By David Dyck
Grads and undergrads will now each have one designated seat on the board of governors
Last week’s board of governors meeting saw a motion passed that takes two student positions on the board and designates one for an undergraduate student, and one to a graduate student. Previously, the two student representatives were elected regardless of whether or not they were graduates or undergraduates.
Outgoing student representative Marc Fontaine spoke to the motion, raising concerns that there are approximately five times more undergraduate students than graduate students at SFU. Ultimately, however, Fontaine supported the motion, stating that “It’ll guarantee there is a graduate student on the board here, which historically — and I’ve looked at the election data — isn’t the case.” According to election data, only two graduate students have served on the board since 2007.
Fontaine saw a bigger problem in the lack of awareness about the board of governors in general and specifically the yearly elections. “Students have no idea. They don’t know what the board is and they don’t understand if they do. It’s not clear and it’s not advertised unless you know where to look, unless you know someone who has run.”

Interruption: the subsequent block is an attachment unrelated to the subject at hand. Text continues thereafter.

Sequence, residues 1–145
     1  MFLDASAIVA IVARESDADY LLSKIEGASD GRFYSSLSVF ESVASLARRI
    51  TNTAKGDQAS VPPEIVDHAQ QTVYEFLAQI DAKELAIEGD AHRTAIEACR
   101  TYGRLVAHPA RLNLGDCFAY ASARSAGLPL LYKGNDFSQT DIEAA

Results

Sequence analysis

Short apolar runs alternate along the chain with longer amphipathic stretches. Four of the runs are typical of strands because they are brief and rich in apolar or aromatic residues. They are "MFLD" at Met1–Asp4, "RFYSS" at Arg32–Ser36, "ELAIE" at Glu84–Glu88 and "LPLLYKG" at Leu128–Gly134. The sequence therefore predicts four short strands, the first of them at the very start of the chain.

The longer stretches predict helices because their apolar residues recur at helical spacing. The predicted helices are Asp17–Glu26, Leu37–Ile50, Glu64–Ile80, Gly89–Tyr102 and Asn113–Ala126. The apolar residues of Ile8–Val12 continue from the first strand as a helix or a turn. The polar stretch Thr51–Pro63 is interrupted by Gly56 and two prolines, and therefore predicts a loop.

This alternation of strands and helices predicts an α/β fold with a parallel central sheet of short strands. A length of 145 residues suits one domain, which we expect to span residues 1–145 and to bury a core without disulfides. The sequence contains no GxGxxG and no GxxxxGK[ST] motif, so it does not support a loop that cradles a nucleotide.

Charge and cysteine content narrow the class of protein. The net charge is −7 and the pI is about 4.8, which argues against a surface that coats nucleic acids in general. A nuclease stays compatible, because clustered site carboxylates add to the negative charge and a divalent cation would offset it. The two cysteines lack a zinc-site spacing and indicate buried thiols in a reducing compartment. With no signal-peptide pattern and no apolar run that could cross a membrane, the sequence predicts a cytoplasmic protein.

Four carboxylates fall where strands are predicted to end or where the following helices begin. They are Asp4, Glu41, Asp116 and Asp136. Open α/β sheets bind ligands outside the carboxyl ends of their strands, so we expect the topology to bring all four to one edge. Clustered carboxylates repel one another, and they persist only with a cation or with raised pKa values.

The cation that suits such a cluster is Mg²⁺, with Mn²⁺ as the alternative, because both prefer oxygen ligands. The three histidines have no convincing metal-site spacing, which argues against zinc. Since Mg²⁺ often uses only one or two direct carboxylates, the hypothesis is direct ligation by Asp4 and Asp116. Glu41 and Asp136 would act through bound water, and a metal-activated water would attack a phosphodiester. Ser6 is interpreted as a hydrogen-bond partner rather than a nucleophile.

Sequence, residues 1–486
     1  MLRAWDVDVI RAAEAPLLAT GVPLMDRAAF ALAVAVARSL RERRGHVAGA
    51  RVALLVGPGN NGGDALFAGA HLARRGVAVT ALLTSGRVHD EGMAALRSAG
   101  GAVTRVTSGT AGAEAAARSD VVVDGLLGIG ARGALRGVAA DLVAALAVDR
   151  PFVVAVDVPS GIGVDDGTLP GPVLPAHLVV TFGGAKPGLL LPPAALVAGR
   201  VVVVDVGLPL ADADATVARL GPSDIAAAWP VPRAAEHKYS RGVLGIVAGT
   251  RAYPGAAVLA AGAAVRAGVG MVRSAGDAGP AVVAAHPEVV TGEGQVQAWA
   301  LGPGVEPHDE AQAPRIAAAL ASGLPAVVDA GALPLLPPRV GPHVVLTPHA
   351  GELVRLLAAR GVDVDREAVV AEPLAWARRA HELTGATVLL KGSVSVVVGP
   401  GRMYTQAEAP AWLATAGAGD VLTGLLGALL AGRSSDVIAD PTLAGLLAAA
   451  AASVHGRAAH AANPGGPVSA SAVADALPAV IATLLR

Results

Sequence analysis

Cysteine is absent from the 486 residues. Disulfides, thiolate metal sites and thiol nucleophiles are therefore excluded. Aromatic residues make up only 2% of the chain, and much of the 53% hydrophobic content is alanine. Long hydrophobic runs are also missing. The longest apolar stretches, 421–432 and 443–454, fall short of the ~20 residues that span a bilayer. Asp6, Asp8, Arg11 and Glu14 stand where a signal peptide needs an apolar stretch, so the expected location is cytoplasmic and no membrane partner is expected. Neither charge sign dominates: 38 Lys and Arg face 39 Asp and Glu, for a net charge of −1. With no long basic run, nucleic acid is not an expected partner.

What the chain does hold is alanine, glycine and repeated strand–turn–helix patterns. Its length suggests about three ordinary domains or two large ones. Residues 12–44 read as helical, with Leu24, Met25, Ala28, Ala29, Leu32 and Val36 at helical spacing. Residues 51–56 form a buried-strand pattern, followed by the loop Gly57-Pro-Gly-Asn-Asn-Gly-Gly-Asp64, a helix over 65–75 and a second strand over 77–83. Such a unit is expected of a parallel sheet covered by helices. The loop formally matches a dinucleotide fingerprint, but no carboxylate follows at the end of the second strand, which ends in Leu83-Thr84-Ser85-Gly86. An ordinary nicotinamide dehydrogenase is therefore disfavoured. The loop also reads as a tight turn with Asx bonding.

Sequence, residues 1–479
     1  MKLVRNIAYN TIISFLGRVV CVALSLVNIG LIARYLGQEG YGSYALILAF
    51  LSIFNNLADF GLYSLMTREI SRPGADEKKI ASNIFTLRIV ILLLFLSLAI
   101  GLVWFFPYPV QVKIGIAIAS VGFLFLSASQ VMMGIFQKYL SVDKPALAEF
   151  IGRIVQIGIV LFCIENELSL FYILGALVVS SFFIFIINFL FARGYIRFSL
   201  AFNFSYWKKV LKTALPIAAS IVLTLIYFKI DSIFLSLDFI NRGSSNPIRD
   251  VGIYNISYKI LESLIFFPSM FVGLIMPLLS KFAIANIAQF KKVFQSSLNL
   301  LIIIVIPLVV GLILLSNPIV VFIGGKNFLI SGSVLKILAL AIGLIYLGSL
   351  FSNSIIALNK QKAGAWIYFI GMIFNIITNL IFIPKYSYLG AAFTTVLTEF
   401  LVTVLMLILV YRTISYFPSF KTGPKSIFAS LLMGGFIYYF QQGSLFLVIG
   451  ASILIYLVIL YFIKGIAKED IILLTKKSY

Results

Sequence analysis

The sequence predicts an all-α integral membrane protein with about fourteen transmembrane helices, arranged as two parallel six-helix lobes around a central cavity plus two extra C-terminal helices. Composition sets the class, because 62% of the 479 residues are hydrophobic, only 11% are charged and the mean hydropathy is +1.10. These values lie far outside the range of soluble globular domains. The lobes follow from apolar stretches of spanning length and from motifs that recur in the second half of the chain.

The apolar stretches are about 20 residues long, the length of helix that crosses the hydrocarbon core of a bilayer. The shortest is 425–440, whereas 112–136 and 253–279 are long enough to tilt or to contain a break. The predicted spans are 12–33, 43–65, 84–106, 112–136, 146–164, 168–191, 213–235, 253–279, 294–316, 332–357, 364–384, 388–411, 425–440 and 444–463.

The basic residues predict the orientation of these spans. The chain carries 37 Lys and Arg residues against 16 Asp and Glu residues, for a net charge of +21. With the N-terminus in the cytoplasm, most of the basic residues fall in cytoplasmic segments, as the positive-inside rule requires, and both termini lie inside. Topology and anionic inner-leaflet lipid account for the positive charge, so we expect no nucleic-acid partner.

“It would be ironic to miss this opportunity for engagement,” said one board member.
“The history of the student representation on the board of governors has been really two undergraduate students filling those two spots,” said alumni order-in-council Bill Cunningham in response to Fontaine’s comments. “Effectively what we’d be doing is cutting their representation on the university’s governing board in half, and they represent quite a significantly larger constituency than the graduate students.” Cunningham cautioned that it may seem to undergraduates that their representation on the board is being diminished. “Having a background in student politics, this is something that I as an undergraduate activist would be very concerned about,” said Cunningham.
“We’re here not to represent our constituency, but to represent what we think is best for the university,” responded President Andrew Petter. “I would argue that the implications of this change are that we will ensure that there is a grad student perspective brought to bear on that collegial discussion, and that’s a positive. But to ensure that what Bill [Cunningham] fears or says others might fear doesn’t occur, it means we have that added responsibility to ensure that the student voice and perspective is listened to all the more carefully from the undergraduate perspective.”
“If you can properly promote the election and get a variety of students [to run, then] . . . hopefully the students will take the time to vote for the person who can best promote themselves, which reflects on how they will promote students,” concluded Fontaine.
Elections for the board of governors will occur online this week. There are three undergraduates and one graduate student in the running.